Both India and China saw a seven month spike in inflation rates in the ninth month of this year. Reuters reported on both nations – China’s annual consumer inflation rate rose to a seven-month high of 3.1 percent in September as poor weather drove up food prices, limiting the scope for the central bank to maneuver to support the economy even as exports showed a surprise decline. Inflation in India unexpectedly hit a seven-month high in September as food prices climbed, increasing the odds for yet another central bank interest rate hike even as the economy stumbles through its worst crisis since 1991.
With spending on food being the prime expense of an average Chinese and Indian’s disposable income, this hike in inflation rates is sure to pinch the common man. In India where menu’s have already altered to keep out the once essential onion, consumers are gaining extremely weary of what they eat. Prices of onions jumped 322 percent annually as crop supply dropped and wholesale merchants hoarded the bulb for higher prices.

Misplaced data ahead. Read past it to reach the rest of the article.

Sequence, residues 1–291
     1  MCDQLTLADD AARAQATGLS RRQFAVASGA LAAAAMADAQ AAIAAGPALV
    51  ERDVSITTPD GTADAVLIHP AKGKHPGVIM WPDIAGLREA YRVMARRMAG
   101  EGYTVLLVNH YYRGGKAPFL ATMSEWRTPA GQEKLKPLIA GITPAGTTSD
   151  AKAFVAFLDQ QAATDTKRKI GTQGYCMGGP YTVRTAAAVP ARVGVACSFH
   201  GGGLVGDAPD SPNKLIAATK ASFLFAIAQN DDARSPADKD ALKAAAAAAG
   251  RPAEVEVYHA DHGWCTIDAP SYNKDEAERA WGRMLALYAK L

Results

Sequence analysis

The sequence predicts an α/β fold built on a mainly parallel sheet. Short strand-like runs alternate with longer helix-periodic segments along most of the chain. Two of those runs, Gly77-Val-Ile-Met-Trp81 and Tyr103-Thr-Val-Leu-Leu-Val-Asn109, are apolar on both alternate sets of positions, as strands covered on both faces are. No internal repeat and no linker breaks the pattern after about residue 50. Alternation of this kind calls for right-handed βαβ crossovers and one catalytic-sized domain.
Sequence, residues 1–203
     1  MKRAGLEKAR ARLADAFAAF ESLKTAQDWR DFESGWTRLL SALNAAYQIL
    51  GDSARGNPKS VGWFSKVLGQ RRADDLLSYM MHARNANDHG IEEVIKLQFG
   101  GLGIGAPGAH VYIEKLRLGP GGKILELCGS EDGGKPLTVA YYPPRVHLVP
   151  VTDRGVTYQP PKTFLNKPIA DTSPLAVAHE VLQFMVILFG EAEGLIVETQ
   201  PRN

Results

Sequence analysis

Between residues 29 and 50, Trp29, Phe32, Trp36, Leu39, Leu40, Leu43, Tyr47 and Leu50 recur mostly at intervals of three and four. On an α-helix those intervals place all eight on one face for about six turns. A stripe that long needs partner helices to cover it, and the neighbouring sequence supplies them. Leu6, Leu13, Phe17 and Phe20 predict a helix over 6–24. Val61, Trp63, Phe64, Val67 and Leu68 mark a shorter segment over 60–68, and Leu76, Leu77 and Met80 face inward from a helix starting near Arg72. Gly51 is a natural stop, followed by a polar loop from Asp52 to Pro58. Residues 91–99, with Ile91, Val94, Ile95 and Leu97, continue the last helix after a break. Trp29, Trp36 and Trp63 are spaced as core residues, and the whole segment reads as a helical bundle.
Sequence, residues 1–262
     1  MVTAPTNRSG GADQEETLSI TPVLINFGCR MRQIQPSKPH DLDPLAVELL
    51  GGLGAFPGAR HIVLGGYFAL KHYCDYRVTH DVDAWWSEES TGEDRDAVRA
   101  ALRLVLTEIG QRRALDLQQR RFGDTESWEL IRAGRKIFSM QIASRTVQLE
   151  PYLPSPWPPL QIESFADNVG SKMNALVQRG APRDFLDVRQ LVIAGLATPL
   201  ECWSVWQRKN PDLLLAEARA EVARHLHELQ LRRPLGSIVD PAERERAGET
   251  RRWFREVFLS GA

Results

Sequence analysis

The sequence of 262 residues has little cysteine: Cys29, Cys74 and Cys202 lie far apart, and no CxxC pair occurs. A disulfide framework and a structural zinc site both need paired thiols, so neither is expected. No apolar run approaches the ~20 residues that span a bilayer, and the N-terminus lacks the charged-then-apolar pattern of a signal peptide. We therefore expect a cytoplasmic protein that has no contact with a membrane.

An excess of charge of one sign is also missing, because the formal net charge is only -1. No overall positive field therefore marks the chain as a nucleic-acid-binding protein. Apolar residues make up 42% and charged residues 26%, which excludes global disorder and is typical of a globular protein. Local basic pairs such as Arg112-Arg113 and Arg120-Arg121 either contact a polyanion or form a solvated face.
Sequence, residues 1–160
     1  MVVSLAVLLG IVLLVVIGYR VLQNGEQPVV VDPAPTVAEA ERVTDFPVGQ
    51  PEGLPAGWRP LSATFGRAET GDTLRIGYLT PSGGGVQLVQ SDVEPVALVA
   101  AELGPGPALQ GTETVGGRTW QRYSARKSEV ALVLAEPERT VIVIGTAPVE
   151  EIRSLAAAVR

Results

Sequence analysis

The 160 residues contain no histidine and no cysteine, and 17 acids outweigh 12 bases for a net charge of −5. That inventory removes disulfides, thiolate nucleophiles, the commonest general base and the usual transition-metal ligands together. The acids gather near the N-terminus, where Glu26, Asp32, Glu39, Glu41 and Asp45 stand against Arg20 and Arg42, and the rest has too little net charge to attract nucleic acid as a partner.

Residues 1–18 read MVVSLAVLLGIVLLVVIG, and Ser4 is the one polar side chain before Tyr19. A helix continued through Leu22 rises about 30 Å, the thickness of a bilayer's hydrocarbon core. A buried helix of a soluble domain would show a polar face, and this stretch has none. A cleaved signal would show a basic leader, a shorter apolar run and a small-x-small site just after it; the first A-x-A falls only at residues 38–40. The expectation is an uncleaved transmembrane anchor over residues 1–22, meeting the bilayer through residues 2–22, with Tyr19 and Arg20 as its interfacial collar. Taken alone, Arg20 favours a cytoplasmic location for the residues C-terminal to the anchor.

Food prices in India rose to an annual 18.40 percent last month, the fastest clip since July 2010 and triple the 6.1 percent rise seen in China, according to Reuters. In China, Food prices gained 1.5 percent in September from August due to droughts and floods in some areas, pushing up the CPI by 0.51 percentage points, Yu Qiumei, a senior statistician at the bureau, said in a statement.
Although India is much more worried about her inflation figures than China, both economies are counting on a slow growth to curb rising prices. This just might be the only silver lining to their economic cloud of gloom. While exports fell in China and Beijing saw the lowest growth in 20 years of 7.8 percent, the country is hoping to stabalise the economy and reign in prices as the country shifts from a low cost destination to one thats value conscious.
Similarly in India, Delhi is hoping the slowing economy will cool demand driven price pressures, thereby easing inflation rates. Its economy grew at an annual rate of 5 percent in the 2012-13 financial year, the slowest pace in 10 years. Further, with the rupee having recovered from its lowest hit in August and the monsoon a prime indicator of the strength of the future economy being good, prices are expected to stabalise once again.